(Click to Refresh Pictures)

All 3 reels above are Double 8mm 25 foot movie film -- which is actually 2 strips of 25 foot film -- glued together (doubled) to make a 50 foot spool.

Proof of this is the splice located exactly dead center of the length of movie film.

DATING INFORMATION:Double 8mm & Standard 8mm Movie Films

  1. (left top) Double 8mm 25 foot movie film reel -- aluminum (shown) or black metal reel (not shown) (pre-WWII), or

  2. (center bottom) Double 8mm 25 foot movie film reel a cardboard reel (WWII), or

  3. (right top) Double 8mm 25 foot movie film OR Standard 8mm movie film reel -- a grey plastic reel (post-WWII)

    In the1950s Kodok started spooling a solid 50 foot strip of film onto the same plastic grey reels (above right); however, the little yellow box (not shown) was only half the width of the yellow Double 8mm box (above).


Double 8mm 25 foot movie film was shipped back to owner in the same oversize yellow box -- now twice the length and half the width of the original 25 foot reel of 16mm movie film.

WARNING:Because the box "looks too big for the reel", many people wrongly assume the reel is in the "wrong box". This is one of the major reasons reels become disassociated from the correct box.

NOTE: Many times the cameraman would forget that the film had already been exposed and flipped -- and would expose the same edge twice. Thus "double exposures" were created on Double 8 film.

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TECHNICAL NOTES (VERY BORING)
ON
MOVIE Film Telecine TRANSFER SYNTAX AND SEMANTICS:

The " tech note" below is on film transfer semantics on 16mm film, Standard 8mm movie film (Regular 8mm movie film), and Super 8mm movie film. Most readers have some "flavor" of Standard 8mm movie film (Regular 8mm movie film) or Super 8mm movie film. Therefore, I do not specifically state the words "16mm movie film " -- every time I mention Super 8mm movie film or Standard 8mm movie film (Regular 8mm movie film) -- when talking about film transfers to DVD or Master Files. Instead, I just talk about Standard 8mm film, and Super 8mm movie film to film transfers -- with the ASSUMPTION THAT ALL PRINCIPLES APPLY TO 16mm movie film AS WELL.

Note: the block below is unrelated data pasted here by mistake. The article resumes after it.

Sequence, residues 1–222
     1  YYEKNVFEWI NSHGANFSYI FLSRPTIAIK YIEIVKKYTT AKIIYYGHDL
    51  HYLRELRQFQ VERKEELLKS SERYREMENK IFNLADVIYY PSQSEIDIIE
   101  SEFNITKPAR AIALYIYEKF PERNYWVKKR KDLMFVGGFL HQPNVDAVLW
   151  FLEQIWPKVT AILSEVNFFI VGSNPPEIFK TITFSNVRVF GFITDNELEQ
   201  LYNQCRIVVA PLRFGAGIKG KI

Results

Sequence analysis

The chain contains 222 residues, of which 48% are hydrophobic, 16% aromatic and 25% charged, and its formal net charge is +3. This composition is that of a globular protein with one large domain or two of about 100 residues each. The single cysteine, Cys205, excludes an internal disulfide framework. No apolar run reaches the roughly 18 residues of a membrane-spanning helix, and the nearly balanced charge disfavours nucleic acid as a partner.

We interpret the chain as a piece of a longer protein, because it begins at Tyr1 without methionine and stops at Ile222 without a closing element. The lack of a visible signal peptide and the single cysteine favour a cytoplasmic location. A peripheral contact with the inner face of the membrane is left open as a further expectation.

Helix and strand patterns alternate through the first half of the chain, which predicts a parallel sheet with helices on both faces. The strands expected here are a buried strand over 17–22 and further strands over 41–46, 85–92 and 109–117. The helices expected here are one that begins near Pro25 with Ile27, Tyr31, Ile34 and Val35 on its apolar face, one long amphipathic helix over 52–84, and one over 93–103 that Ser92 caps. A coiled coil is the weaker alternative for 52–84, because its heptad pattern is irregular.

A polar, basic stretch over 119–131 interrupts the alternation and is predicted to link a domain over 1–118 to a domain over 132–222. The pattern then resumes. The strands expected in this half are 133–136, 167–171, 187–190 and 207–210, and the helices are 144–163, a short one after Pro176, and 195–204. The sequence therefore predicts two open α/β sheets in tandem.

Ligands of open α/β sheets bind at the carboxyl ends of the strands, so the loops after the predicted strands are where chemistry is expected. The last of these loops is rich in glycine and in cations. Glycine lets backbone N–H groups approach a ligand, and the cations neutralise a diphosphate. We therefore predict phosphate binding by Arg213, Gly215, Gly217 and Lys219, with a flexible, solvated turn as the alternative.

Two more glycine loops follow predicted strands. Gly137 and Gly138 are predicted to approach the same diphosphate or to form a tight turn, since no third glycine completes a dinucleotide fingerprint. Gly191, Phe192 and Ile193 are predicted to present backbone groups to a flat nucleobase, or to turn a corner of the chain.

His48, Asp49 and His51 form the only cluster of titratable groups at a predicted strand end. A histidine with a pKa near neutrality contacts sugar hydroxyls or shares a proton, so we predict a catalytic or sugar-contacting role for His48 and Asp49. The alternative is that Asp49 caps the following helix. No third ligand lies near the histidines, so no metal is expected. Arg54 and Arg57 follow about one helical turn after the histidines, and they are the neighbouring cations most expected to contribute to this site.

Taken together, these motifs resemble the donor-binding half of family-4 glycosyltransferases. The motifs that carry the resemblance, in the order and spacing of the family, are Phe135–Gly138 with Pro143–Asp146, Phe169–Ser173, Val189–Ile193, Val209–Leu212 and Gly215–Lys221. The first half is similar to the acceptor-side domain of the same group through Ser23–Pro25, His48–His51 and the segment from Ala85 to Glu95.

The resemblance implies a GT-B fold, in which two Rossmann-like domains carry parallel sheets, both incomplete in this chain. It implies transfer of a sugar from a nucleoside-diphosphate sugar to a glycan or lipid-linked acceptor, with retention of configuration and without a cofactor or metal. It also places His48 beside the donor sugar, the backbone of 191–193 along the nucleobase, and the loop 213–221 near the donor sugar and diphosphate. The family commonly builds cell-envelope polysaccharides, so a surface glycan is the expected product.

The same applies to visual and non-visual illustrations -- using Standard 8mm movie film or Super 8mm movie film or film transfer. Illustrations about Standard 8mm movie film (Regular 8mm movie film) ALSO APPLIES to SILENT 16mm movie film -- as Standard 8mm movie film (Regular 8mm movie film) -- (see photos above) in may cases IS SILENT 16mm movie film-- "SPLIT IN HALF -- DOWN THE CENTER" literally.

A 16mm movie film transfer can be much more complex than a Standard 8mm movie film or Super 8mm movie film transfer -- because 16mm movie film was used domestically, commercially -- as 16mm silent movie film and 16mm sound movie film -- and shot at 1 of 3 speeds -- even early century 1900s. Also 16mm movie film is OLDER and usually is in some stage of "vinegar syndrome". After you get a telecine film transfer quote, you are advised to call me about your 16mm movie film for a free 16mm movie film transfer "evaluation and consult".

I use Standard 8mm movie film (Regular 8mm movie film) or Super 8mm movie terms -- for example:

Super 8mm movie film to DVD,
Super 8mm movie film transfer,
Standard 8mm movie film to H.264,
Super 8mm movie film transfer,
Single Standard 8mm movie film to HDTV Blu-ray,
Standard 8mm movie film to video,
Double Standard 8mm movie film to video,
Standard 8mm movie film to video,
Standard 8mm movie film movie to video,
Standard 8mm movie film telecine,
Standard 8mm movie telecine film transfer,
Standard 8mm movie film telecine transfer,
Ektasound Standard 8mm movie film to DVD,
Ektachrome Standard 8mm movie film to DVD,
Kodachrome Standard 8mm movie film to DVD.
film to video,
film to Flash Drive,
film to Hard Drive,
film to Blu-ray, etc

ALL these film transfer phrases refer to some "film to video film transfer process" of converting film to digital video unless otherwise stated specifically..